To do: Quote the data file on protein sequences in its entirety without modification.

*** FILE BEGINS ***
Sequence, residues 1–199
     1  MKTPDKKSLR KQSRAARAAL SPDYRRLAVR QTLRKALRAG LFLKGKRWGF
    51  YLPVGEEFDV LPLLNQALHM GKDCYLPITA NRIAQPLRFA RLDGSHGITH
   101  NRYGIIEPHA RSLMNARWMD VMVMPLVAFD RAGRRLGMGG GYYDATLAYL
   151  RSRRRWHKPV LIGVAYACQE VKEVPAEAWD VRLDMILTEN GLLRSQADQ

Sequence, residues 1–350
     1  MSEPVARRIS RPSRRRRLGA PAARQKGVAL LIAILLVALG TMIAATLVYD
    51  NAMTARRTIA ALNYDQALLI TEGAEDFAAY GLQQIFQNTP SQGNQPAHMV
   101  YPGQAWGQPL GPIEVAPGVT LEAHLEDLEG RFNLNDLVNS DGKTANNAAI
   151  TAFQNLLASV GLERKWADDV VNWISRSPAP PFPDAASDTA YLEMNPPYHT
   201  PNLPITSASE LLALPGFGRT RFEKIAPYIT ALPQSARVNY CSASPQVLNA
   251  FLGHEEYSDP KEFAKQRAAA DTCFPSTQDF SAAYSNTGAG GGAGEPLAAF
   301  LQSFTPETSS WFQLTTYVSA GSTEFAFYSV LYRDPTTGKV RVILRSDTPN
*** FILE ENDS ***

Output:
Sequence, residues 1–199
     1  MKTPDKKSLR KQSRAARAAL SPDYRRLAVR QTLRKALRAG LFLKGKRWGF
    51  YLPVGEEFDV LPLLNQALHM GKDCYLPITA NRIAQPLRFA RLDGSHGITH
   101  NRYGIIEPHA RSLMNARWMD VMVMPLVAFD RAGRRLGMGG GYYDATLAYL
   151  RSRRRWHKPV LIGVAYACQE VKEVPAEAWD VRLDMILTEN GLLRSQADQ

Sequence, residues 1–350
     1  MSEPVARRIS RPSRRRRLGA PAARQKGVAL LIAILLVALG TMIAATLVYD
    51  NAMTARRTIA ALNYDQALLI TEGAEDFAAY GLQQIFQNTP SQGNQPAHMV
   101  YPGQAWGQPL GPIEVAPGVT LEAHLEDLEG RFNLNDLVNS DGKTANNAAI
   151  TAFQNLLASV GLERKWADDV VNWISRSPAP PFPDAASDTA YLEMNPPYHT
   201  PNLPITSASE LLALPGFGRT RFEKIAPYIT ALPQSARVNY CSASPQVLNA
   251  FLGHEEYSDP KEFAKQRAAA DTCFPSTQDF SAAYSNTGAG GGAGEPLAAF
   301  LQSFTPETSS WFQLTTYVSA GSTEFAFYSV LYRDPTTGKV RVILRSDTPN